Uniformity or not: the standardization / I adaptation debate

A brand can be defined as "a name, term, sign, symbol, or design, or combination of them which is intended to identify the goods and services of one seller or group of sellers and to differentiate them from those of competitors (Keller, 1993). The theme of standardization/adaptation runs across the subject of international business, marketing and communications. It is associated with economies of scale generally but more specifically here with creative production and number of personnel involved. At the level of the organization there are three 'models' available to the international marketer. The first is central control where marketing and communication effort is directed from the centre (for example, Unilever Europe). Second, the head office acts as a resource centre where the locals are free to develop within central directives on agencies and media buying (for example, Nestle) (Michell & Joel, 1995).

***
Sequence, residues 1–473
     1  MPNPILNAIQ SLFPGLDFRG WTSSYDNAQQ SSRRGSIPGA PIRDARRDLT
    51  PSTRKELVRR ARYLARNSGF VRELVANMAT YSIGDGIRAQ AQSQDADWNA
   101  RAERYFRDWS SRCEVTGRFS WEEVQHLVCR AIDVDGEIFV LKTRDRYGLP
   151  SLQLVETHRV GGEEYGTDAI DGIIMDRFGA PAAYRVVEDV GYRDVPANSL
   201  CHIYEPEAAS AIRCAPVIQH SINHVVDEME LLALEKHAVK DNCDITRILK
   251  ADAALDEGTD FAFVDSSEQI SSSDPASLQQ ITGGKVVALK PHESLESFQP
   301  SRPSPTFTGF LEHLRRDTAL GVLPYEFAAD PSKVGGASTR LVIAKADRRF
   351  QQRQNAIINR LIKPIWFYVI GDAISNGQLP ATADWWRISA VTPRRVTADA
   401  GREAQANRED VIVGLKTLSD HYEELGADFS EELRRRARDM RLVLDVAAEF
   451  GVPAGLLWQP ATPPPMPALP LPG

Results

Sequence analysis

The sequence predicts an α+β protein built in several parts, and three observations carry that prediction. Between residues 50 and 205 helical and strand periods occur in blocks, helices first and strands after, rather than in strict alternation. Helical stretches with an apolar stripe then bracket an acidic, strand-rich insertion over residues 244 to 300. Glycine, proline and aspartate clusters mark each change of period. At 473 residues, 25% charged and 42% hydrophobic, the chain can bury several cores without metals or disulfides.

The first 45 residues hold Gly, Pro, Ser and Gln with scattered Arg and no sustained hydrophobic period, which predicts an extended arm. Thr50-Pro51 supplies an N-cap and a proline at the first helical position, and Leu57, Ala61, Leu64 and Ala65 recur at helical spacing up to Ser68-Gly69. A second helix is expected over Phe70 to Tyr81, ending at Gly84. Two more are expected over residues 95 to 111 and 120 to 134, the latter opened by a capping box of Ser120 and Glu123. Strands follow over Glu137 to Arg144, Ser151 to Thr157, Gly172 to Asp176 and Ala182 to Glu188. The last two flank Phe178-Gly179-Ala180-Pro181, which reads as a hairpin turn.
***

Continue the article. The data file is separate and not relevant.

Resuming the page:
Third, there is complete autonomy where minimal justification of actions is required (for example, Heinz). Generally speaking the notion of products being culture-bound is well used in the literature. Alternative strategy in terms of just what can be kept the same and just what might have to be adjusted, even if only slightly, in different part of the world has to be a consideration. This applies in the communications arena probably more so than in any other type of parameter (Nagashima, 2009).

Standardized brand/product and standardized communication are possible but there are other choices, such as:

standardized brand/product and locally adapted communications locally adapted product/brand and standardized communications locally adapted brand/product and locally adapted communications.

The organization may or may not have to adapt or… [END OF PREVIEW]